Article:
Getting Behind the Wheel With Real-Life Traffic Monitoring

Getting Behind the Wheel With Real-Life Traffic Monitoring

Traffic monitoring applications are taking place all over the world. Some of the latest installations feature rugged transmission, hybrid video systems and scalable management software.




AMG Systems supplied managed ruggedized Ethernet switches for its local partner ITNL in India. ITNL is using the transmission equipment for the new 74-mile addition to Highway No. 8, which the company is implementing as a build, operate and transfer project on behalf of the Indian Government's Ministry of Road Transport & Highways.

The project covers a new stretch of Highway No. 8. This addition has two toll plazas, each with six lanes, including one extra-wide lane in each direction. The toll system was developed in-house by ITNL and operates as a semi-automated collection system with automatic vehicle classification, slow-speed weigh-in-motion and lane controllers installed at all toll plazas. Each lane has a camera for incident capture.

The climate in Rajasthan is hot, sandy and often dusty. ITNL selected ruggedized industrial Ethernet equipment from AMG Systems. The AMG solution provides redundancy in case of link failure. ITNL is using managed switches with two links between the control room and the lane, so if one link fails, it automatically switches to the redundant link.

The AMG solution transmits all signals from auxiliary equipment, cameras and DVRs. The solution also covers lane traffic lights and overhead lane signs. There is a provision to connect both toll plaza control rooms to each other as well as to the head office. The solution has been further designed to incorporate future expansion, such as more toll lanes and IP-based surveillance.

DVTel's VMS was deployed in four Indian cities — New Delhi, Dehradun, Kashipur and Rudrapur. Optimum Tech Solutions served as the security integrator of record for the projects in Dehradun, Kashipur and Rudrapur and has been instrumental in growing the project in these cities.

The DVTel solution manages a mix of network fixed and PTZ cameras monitoring upwards of 40 locations total in the four cities. In each city, video is monitored by police to improve travel flow and enhance safety, but also to monitor traffic movement around the cities to respond quickly to terrorist or related threats. The Delhi project is managed by New Delhi city police, while the other three locations' city surveillance programs fall under the Uttrakhand State Traffic Police. The DVTel system is highly effective, particularly during festivals, when the entire city takes to the roads in celebration, and when VIPs are on the move in any of the cities.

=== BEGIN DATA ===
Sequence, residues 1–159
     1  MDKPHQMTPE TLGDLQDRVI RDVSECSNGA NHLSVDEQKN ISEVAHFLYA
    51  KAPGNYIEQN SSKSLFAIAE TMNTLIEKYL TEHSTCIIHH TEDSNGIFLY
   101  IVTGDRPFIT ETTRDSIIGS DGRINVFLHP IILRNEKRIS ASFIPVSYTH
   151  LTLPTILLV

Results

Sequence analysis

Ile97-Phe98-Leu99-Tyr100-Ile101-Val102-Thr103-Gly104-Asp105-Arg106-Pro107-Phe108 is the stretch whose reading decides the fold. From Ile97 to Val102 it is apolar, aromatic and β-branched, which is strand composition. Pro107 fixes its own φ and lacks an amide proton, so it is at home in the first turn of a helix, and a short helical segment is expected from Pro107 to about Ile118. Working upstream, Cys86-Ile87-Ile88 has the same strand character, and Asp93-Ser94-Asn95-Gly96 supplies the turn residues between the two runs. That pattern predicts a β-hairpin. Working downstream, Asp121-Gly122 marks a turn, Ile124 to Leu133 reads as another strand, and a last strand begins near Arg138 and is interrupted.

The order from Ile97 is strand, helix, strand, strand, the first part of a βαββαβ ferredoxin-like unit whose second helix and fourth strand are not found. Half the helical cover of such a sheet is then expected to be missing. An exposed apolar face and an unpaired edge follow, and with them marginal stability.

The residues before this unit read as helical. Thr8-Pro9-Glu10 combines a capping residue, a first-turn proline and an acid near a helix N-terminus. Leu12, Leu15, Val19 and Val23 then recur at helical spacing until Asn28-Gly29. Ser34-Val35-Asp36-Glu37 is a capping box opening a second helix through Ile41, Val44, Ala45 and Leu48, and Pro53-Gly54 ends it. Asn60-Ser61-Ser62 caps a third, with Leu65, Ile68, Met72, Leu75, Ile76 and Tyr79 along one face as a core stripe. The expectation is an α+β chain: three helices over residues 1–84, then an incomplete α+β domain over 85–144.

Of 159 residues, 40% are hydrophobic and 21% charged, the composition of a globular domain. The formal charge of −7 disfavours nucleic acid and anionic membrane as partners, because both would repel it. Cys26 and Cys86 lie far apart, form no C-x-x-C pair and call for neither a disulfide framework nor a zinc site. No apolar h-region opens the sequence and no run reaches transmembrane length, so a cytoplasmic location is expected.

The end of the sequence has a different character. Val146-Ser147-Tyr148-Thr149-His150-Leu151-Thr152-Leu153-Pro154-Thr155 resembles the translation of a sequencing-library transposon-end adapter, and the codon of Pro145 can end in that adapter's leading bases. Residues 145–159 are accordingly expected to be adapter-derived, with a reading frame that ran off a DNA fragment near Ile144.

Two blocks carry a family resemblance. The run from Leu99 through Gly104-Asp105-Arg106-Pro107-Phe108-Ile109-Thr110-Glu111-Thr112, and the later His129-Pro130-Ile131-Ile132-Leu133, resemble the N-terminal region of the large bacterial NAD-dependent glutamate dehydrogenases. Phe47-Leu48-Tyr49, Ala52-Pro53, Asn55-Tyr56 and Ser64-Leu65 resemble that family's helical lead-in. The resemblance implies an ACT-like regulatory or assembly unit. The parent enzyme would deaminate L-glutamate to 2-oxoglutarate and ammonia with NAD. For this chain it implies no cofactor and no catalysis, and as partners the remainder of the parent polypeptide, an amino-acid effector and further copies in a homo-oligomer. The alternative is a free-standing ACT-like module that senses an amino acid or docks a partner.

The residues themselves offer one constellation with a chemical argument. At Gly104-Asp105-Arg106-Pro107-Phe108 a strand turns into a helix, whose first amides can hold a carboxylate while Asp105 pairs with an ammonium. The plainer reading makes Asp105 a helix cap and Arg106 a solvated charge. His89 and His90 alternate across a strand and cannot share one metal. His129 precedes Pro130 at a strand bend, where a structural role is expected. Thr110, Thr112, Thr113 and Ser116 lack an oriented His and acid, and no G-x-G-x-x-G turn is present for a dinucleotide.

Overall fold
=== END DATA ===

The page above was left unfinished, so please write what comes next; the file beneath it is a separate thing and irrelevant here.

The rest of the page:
The Delhi installation is the oldest of the four projects and the other three cities owe their inspiration for their projects from city officials visiting Delhi to observe its surveillance program in action. Video surveil-lance in India is experiencing strong growth, due mainly to perceptions of heightened terrorism threats. The DVTel solution was deployed for all four locations based on the recommendations of the trusted integrator partners as well as its demonstrated system performance first in Delhi and then in Dehradun, the capital city of Uttrakhand state.

IndigoVision's integrated IP video system provides monitoring for a traffic calming system in the Belgian city of Antwerp. The video system monitors a series of automated bollards that regulate traffic on a number of the city's streets, alerting the Antwerp police to malfunctions, accidents and acts of vandalism.

The bollards can be lowered automatically during predetermined hours or when buses and trams pass using onboard transponders. Local residents and other authorized people can gain access using a smart card reader or by entering a PIN code via a keypad. The access control system shares the same network as the IP video for communication back to the local traffic center that is the equipment hub for the project. The surveillance video is then relayed to the Antwerp police over a fiber network 6 miles away, where it is monitored and recorded. The traffic system was installed by TV Vialis- Paque, a joint venture between Vialis Traffic BV and Yvan Paque, which was created specifically for this project.

The police operators use IndigoVision's management software to view live and recorded video from the cameras monitoring the bollards. IndigoVision's MPEG-4 based compression technology ensures that high quality video and data can be transmitted over large distances with minimal impact on the available bandwidth, without image degradation and with negligible latency.

Operators can view video images that are as good as analog and have smooth PTZ camera control even though their monitoring center is located 6 miles away from the cameras. The high-quality video allows the police to easily identify the license plates of vehicles that have been involved with incidents or that have damaged the bollards.

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